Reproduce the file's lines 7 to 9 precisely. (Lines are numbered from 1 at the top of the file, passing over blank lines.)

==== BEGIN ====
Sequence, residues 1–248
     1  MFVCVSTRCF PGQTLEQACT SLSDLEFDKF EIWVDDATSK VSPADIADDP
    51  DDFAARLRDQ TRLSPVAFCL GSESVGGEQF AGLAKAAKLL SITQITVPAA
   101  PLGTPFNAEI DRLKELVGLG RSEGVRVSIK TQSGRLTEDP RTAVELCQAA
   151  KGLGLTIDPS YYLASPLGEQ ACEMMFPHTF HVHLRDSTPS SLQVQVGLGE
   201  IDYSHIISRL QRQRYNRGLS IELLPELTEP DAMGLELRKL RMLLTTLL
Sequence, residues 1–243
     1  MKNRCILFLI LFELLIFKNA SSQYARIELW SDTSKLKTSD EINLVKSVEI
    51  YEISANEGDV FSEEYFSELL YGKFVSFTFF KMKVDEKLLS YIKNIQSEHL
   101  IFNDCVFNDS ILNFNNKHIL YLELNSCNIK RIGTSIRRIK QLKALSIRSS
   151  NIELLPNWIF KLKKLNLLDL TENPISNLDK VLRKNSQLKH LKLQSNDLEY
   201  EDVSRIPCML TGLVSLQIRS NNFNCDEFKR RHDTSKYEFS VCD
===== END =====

Sequence, residues 1–243
     1  MKNRCILFLI LFELLIFKNA SSQYARIELW SDTSKLKTSD EINLVKSVEI
    51  YEISANEGDV FSEEYFSELL YGKFVSFTFF KMKVDEKLLS YIKNIQSEHL